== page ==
1942

Isaac Asimov wrote the “Three Laws of Robotics.”

1943

Warren McCullough and Walter Pitts publish “A Logical Calculus of Ideas Immanent in Nervous Activity.” The paper proposed the first mathematical model for building a neural network.

1949

In his book The Organization of Behavior: A Neuropsychological Theory, Donald Hebb proposes the theory that neural pathways are created from experiences and that connections between neurons become stronger the more frequently they’re used. Hebbian learning continues to be an important model in AI.

1950

Alan Turing publishes “Computing Machinery and Intelligence”, proposing what is now known as the Turing Test, a method for determining if a machine is intelligent.

Claude Shannon publishes the paper “Programming a Computer for Playing Chess.”

1951

Harvard undergraduates Marvin Minsky and Dean Edmonds build SNARC, the first neural network computer.

1954

The Georgetown-IBM machine translation experiment automatically translates 60 carefully selected Russian sentences into English.

1956

Arthur Samuel develops a self-learning program to play checkers.

The phrase artificial intelligence is coined at the “Dartmouth Summer Research Project on Artificial Intelligence.” Led by John McCarthy, the conference, which defined the scope and goals of AI, is widely considered to be the birth of artificial intelligence as we know it today.

Allen Newell and Herbert Simon demonstrate Logic Theorist (LT), the first reasoning program.

1958

John McCarthy develops the AI programming language Lisp and publishes the paper “Programs with Common Sense.” The paper proposed the hypothetical Advice Taker, a complete AI system with the ability to learn from experience as effectively as humans do.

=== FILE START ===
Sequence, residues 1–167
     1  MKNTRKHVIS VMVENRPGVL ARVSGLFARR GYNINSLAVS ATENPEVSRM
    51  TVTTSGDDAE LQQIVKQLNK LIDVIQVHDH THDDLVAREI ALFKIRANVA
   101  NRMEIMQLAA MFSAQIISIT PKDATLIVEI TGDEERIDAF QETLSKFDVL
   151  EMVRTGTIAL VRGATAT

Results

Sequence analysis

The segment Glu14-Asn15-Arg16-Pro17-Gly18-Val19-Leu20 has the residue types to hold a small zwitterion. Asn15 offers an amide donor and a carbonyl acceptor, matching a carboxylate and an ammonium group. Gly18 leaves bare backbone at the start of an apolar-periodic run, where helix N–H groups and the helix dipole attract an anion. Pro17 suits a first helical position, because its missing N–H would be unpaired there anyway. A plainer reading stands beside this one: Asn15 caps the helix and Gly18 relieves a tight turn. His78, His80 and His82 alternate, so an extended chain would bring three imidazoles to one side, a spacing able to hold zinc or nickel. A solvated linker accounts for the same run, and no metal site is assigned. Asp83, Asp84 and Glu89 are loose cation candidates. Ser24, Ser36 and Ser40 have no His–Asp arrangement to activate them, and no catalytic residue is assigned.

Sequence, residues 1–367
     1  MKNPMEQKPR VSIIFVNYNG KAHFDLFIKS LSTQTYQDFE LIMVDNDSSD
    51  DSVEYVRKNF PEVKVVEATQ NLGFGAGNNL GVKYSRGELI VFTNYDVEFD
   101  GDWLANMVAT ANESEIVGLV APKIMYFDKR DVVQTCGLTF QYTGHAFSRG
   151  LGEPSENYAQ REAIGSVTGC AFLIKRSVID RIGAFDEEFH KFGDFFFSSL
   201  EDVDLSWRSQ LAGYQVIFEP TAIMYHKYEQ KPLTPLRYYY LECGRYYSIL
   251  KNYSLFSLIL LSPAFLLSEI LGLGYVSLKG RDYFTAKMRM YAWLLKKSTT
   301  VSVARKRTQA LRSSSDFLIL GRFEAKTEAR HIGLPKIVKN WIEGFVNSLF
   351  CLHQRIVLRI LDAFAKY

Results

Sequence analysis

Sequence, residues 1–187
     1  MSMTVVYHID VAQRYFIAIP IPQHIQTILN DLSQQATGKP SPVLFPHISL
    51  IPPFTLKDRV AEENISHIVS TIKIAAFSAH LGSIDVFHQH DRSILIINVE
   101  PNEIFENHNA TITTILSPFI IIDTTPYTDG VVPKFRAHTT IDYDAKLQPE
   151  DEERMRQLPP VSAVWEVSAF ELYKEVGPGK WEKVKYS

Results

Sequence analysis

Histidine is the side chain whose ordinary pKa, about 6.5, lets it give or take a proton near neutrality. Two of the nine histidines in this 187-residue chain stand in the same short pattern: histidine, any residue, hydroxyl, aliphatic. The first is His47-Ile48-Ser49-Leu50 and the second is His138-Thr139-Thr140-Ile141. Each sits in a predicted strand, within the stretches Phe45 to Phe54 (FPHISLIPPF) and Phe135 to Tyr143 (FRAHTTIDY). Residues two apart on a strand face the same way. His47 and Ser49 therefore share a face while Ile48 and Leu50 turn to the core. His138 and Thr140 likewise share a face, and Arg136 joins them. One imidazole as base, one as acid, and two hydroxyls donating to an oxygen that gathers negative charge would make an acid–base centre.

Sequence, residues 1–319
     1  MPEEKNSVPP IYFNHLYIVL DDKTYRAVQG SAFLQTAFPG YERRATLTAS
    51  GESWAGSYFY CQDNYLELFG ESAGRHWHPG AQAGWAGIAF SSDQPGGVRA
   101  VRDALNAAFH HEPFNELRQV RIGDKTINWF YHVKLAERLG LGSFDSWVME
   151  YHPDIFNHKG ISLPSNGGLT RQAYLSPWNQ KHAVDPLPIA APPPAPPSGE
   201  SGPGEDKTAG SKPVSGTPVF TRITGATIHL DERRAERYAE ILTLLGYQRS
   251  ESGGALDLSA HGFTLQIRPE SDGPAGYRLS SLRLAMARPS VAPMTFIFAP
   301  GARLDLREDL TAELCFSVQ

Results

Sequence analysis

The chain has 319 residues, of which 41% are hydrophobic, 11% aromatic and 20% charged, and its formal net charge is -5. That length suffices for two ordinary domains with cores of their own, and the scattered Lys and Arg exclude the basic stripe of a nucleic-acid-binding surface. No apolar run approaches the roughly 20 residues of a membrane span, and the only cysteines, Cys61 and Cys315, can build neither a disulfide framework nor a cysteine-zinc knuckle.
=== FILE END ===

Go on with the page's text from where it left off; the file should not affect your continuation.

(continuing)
1959

Allen Newell, Herbert Simon and J.C. Shaw develop the General Problem Solver (GPS), a program designed to imitate human problem-solving.

Herbert Gelernter develops the Geometry Theorem Prover program.

Arthur Samuel coins the term machine learning while at IBM.
John McCarthy and Marvin Minsky found the MIT Artificial Intelligence Project.

1963

John McCarthy starts the AI Lab at Stanford.

1966

The Automatic Language Processing Advisory Committee (ALPAC) report by the U.S. government details the lack of progress in machine translations research, a major Cold War initiative with the promise of automatic and instantaneous translation of Russian. The ALPAC report leads to the cancellation of all government-funded MT projects.

1969

The first successful expert systems are developed in DENDRAL, a XX program, and MYCIN, designed to diagnose blood infections, are created at Stanford.

1972

The logic programming language PROLOG is created.

1973

The “Lighthill Report,” detailing the disappointments in AI research, is released by the British government and leads to severe cuts in funding for artificial intelligence projects.

1974-1980

Frustration with the progress of AI development leads to major DARPA cutbacks in academic grants. Combined with the earlier ALPAC report and the previous year’s “Lighthill Report,” artificial intelligence funding dries up and research stalls. This period is known as the “First AI Winter.”